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Chisholm Links has been granted $12,000, plus GST, to undertake a pre-feasibility study looking at using treated effluent on the course instead of Dunedin’s potable supply.
"I think the key part of it [the debate] may be how we use grey water in a public place," Mr Bodeker said.
"The community needs to have that conversation."
The golf course is on city council-owned reserve land, but is leased by the club.
The club has been discussing for the past few years accessing grey water, treated water from the nearby Tahuna wastewater treatment plant.
In 2013, then Chisholm Links golf pro, now Dunedin city councillor Andrew Whiley, said when the council wanted to put the Tahuna outfall pipe under the golf course, the club agreed on the basis of a verbal agreement that in the future the club would be able to use some of the treated water from the plant to water the course.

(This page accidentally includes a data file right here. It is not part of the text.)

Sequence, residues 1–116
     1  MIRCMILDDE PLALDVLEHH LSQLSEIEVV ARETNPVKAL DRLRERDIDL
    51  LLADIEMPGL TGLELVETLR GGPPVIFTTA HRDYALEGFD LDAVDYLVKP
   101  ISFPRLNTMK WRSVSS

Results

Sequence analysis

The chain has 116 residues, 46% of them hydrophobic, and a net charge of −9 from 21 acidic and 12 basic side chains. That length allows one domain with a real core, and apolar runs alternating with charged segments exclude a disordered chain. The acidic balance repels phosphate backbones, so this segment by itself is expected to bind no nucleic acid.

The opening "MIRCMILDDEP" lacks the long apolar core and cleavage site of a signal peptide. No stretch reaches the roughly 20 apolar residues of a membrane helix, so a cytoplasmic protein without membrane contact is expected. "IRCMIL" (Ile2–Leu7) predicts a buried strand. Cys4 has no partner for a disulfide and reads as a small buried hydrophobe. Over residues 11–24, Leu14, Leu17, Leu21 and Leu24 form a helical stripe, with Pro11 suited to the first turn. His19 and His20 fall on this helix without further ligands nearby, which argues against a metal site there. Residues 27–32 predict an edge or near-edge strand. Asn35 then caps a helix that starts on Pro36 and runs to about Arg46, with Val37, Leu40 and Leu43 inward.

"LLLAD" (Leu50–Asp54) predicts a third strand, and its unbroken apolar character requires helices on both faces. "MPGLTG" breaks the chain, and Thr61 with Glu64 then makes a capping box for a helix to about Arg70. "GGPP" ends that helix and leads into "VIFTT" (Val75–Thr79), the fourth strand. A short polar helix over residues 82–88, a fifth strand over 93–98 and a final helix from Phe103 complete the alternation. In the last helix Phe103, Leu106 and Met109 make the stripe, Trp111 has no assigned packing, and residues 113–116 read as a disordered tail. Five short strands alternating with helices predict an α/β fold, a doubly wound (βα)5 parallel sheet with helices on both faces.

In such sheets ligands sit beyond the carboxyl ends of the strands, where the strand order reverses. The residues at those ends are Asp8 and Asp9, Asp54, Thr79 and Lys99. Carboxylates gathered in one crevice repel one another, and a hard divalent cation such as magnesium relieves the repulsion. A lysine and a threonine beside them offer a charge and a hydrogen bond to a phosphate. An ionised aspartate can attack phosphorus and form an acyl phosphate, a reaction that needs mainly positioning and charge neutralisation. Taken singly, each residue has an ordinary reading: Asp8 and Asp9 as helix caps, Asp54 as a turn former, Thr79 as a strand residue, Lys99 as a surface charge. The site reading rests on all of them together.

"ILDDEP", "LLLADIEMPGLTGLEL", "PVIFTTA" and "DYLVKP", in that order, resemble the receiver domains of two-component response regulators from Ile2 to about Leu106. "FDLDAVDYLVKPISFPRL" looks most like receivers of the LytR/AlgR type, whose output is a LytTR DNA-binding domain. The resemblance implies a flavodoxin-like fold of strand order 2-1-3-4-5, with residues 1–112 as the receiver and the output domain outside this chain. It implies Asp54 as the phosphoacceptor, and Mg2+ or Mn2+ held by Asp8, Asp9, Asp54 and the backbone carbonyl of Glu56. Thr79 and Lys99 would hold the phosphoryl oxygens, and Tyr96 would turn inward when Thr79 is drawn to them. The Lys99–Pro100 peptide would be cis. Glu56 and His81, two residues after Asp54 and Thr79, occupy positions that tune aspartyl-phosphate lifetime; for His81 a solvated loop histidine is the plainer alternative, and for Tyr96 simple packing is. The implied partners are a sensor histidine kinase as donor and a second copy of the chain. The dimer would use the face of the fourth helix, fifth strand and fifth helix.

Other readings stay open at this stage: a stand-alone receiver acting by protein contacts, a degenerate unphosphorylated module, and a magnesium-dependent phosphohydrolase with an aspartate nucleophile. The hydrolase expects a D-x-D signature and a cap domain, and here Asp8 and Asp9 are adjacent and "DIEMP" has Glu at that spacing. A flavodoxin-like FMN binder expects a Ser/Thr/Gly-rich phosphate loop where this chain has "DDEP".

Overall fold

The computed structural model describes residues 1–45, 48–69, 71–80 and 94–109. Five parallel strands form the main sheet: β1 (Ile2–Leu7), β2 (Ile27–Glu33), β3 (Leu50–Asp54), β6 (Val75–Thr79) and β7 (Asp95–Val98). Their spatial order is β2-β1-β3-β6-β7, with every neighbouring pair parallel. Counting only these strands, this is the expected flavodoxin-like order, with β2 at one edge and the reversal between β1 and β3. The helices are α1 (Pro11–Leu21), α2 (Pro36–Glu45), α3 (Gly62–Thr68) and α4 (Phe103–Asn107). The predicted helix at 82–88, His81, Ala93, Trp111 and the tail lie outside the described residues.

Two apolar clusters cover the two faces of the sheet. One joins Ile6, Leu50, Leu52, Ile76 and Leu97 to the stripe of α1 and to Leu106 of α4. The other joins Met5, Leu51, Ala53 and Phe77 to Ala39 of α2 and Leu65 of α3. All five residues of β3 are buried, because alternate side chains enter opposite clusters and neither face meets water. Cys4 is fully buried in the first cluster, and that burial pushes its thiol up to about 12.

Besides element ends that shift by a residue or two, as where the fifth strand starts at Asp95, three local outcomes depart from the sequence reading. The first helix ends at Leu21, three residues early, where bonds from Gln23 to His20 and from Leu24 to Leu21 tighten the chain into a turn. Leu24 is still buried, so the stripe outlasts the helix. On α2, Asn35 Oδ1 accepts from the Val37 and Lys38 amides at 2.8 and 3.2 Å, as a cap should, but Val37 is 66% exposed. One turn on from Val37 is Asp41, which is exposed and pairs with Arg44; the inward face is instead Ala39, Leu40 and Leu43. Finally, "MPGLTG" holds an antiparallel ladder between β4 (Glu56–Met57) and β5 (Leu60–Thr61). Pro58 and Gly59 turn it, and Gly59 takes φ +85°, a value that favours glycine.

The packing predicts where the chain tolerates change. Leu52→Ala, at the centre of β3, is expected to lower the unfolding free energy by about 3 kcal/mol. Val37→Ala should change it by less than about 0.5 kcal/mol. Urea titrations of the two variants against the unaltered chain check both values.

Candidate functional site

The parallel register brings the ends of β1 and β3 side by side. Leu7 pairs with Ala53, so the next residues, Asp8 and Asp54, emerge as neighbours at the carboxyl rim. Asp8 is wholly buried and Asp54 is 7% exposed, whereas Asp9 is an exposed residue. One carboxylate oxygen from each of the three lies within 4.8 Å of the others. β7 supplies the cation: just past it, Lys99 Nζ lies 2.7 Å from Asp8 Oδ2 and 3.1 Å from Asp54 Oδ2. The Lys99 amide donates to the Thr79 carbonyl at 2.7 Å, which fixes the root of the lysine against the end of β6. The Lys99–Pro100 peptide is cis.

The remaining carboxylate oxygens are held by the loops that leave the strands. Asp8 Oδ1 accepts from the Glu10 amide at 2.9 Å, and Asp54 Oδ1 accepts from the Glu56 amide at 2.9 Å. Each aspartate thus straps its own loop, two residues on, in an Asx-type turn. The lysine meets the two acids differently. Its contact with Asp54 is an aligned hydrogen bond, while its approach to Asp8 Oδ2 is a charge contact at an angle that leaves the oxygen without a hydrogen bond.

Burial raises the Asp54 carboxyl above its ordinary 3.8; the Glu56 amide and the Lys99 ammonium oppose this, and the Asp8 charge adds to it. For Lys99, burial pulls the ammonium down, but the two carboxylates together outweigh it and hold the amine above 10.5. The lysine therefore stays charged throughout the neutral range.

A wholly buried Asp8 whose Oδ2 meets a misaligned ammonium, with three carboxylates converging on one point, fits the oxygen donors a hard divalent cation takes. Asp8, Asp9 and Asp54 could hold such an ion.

The idea was that a tank would be installed nearby to hold the grey water, which would require a little further treatment before it could be used on the course. The system would reduce demand on the city water supply, especially in drought-risk conditions, and could also be used to water other playing fields and parks and by the community.
Grey water usage was common on golf courses internationally.
A Chisholm Links spokesman said the club wanted to find out what it would cost to re-treat the water to make a viable source to irrigate grass.
The study was something the club would get on with as soon as it could.
While it was "early days", the project could benefit the club because less fertiliser would be needed, as the grey water would add fertiliser.
The course needed a lot of water, and at the moment the club could only afford to water the greens and the tees.
However, the most important aspect of the project was recycling a resource there to be used.
The club was required to report to the regional council after a year as a condition of the grant.